Perceived by some sources as an overvalued market, Houston home values are likely to flatten this year. Several recent data sets focused on home prices suggest little upside may remain in the metro.

  • HAR expects its housing market to remain cool for a 'little while.'
  • A recent dip in $500,000+ home sales has negatively affected the metro's average sales prices.
  • Data from Quicken Loans suggests now is a good time for homeowners to refinance.

Perceived by some sources as an overvalued market, Houston home values are likely to flatten this year. Several recent data sets focused on home prices suggest little upside may remain in the metro.

According to an index from Quicken Loans, in December the appraised value of a Houston home was 2.36 percent higher than homeowner perception. Since December of last year the gap between appraised value and homeowner estimate has narrowed by slightly more than 1 percent.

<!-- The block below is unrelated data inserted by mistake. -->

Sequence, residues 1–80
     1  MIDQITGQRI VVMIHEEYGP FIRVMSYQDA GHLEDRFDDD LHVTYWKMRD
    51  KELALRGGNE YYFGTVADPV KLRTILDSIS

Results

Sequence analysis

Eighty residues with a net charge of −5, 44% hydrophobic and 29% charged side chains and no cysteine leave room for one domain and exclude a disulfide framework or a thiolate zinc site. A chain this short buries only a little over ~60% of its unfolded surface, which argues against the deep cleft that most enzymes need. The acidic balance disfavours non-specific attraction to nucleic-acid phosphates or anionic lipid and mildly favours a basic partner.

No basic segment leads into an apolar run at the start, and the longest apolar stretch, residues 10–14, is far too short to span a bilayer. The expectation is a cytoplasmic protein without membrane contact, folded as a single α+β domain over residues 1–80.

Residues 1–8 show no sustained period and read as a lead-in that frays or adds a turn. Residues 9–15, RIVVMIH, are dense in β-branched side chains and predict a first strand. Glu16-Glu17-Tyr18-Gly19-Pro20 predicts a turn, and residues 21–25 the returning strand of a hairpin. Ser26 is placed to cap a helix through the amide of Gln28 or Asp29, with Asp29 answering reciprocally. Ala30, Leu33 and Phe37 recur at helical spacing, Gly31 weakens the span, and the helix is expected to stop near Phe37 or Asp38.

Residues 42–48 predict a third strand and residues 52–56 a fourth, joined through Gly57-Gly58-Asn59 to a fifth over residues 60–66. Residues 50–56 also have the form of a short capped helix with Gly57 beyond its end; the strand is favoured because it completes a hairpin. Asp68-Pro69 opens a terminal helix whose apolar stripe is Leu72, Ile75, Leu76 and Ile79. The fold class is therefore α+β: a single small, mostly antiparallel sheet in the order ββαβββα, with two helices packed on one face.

For homeowners looking to refinance this is good news, as they likely better understand the equity in their home, said Bob Walters, chief economist for Quicken Loans.

However, the roughly 2 percent value perception difference between appraisers and homeowners also signals that the days of year-over-year price appreciation may be coming to a halt.

Back-to-back months of Houston home value declines

Recent data from the Houston Association of Realtors appears to back this up. During both November and December of last year the average sales price of a Houston home dropped on a year-over-year basis. Most recently in December the price dropped by 0.6 percent to $280,201. However, in 2015 the average price did climb by 3.7 percent in comparison to 2014.

One reason for the back-to-back months of declining average prices, the lack of higher-priced transactions. During December the volume of $500,000 to $1 million homes that traded dropped by 17.2 percent year-over-year, while the volume of $250,000 to $499,00 sales was unchanged.

Considering December’s average price, appraisers valuing homes 2.36 percent more than homeowners equates to a $6,612 difference of opinion. Additionally a 1.01 percent narrowing of opinion between the two parties equals $2,830.

The data from Quicken and HAR comes after both Arch MI and CoreLogic dubbed Houston as a housing market that is roughly 20 percent above its long-term fundamental value.

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